If you are creating content with the intention to be help your audience solve its problems, you have already aced half the SEO game.
Add to it an optimized site, and you can attract even more traffic and aim for more conversions.
On-site SEO is how you do that. It is a fundamental part of your SEO efforts and involves various things like website speed, navigation, image optimizations, etc.
As a SaaS SEO and link-building agency, we constantly stay updated with on-site SEO factors and how changes in Google’s algorithms or other developments impact our SEO efforts. In this latest guide to on-site SEO, we’ll take you through everything from the basics to some pro-level stuff.
What We'll Cover:
What is on-site SEO?
On-site SEO (also called on-page SEO) is the process of optimizing your web page content and other elements, so they rank higher on search engines and get more search engine traffic.
In simple words, on-site search engine optimization means adjusting certain elements on your website so search engines like Google can crawl and understand your website better.
For example, Google looks at keywords and other cues to check if your page matches the searcher’s intent. If it decides that your page is helpful to the user’s query, it will rank higher in search results.
This on-site SEO is not limited to but consists of all the following areas:
- Optimizing title tags and structure
- Link building in terms of internal links
- Website speed and navigation
- Content of your website and web pages
What is the difference between on-site SEO and off-site SEO?
On-site SEO refers to anything you do on your website to impact your rankings. On the other hand, off-site SEO covers everything you do outside your site (or externally) to boost your rankings.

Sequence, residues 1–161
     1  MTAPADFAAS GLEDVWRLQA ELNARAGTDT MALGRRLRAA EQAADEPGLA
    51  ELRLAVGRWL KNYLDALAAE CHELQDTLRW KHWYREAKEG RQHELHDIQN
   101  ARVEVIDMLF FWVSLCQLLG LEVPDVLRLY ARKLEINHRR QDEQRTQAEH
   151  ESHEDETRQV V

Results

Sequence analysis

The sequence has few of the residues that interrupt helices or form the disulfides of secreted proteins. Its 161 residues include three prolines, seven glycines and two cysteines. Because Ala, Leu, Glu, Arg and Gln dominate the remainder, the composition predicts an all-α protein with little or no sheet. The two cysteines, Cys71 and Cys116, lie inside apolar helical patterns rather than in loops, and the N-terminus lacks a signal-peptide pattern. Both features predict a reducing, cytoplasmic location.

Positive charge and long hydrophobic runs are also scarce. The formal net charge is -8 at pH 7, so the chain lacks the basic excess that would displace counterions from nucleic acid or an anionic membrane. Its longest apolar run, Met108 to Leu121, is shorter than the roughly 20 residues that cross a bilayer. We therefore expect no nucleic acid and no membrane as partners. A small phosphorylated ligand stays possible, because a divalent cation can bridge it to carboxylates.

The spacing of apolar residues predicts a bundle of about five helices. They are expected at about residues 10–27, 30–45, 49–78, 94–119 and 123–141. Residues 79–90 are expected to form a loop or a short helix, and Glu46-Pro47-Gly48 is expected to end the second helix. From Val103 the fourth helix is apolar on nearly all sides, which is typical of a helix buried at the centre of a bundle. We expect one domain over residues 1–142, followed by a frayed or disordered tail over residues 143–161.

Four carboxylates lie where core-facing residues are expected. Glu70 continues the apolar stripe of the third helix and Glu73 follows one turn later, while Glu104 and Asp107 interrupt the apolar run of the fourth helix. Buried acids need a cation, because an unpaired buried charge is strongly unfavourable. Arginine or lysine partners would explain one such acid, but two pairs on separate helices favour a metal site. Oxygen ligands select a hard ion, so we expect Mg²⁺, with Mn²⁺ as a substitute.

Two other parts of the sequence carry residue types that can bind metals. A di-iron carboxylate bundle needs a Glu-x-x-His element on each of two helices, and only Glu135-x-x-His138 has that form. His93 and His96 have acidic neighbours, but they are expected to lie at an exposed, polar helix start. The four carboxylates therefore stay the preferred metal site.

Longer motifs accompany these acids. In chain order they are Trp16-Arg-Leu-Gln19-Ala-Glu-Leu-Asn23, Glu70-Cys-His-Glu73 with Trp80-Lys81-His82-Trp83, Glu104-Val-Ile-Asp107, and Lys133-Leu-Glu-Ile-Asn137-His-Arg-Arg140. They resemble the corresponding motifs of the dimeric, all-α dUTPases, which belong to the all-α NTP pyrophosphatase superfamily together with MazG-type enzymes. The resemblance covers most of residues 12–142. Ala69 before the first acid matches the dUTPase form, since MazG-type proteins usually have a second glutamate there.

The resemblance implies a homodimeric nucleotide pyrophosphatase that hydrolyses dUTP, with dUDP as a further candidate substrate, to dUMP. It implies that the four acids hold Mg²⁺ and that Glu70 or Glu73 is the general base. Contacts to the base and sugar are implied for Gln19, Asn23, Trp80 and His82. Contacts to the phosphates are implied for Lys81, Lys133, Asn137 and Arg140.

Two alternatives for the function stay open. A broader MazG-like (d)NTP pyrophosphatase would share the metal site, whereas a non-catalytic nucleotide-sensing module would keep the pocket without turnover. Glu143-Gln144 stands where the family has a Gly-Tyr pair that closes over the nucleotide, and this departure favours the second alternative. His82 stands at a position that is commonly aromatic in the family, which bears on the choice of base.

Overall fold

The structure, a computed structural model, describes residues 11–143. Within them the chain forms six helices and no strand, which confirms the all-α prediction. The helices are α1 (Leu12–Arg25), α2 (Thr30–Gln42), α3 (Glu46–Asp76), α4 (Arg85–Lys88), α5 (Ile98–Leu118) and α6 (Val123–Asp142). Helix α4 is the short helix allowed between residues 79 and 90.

Some examples of off-site SEO include backlinks, PR, and social media.
One simple example of how these both can work together lies in content marketing. For example, you wrote a brilliant blog on “how to find keywords” and published it on your blog (on-site SEO). You can share this link on your social profiles and other third-party sites for more reach (off-site SEO).
While both of these strategies are important, on-site SEO gives you more control as you can directly impact all the factors on your website.
Why is on-site SEO important?
Gone are the days when creating great content helped win the audience’s attention. Along with human-friendly content, you need to create search-engine-friendly content.
This means using alt tags for your images, a proper heading structure, optimizing for user experience and dwell time, etc.
This is because search engine crawlers pay attention to these on-page signals while ranking pages. And the only way to rank higher is to help search engines easily crawl and index your pages.
That’s why on-site SEO becomes so crucial. You can’t compensate for a lack of keywords or poor design with great content. That’s just not how search engines work.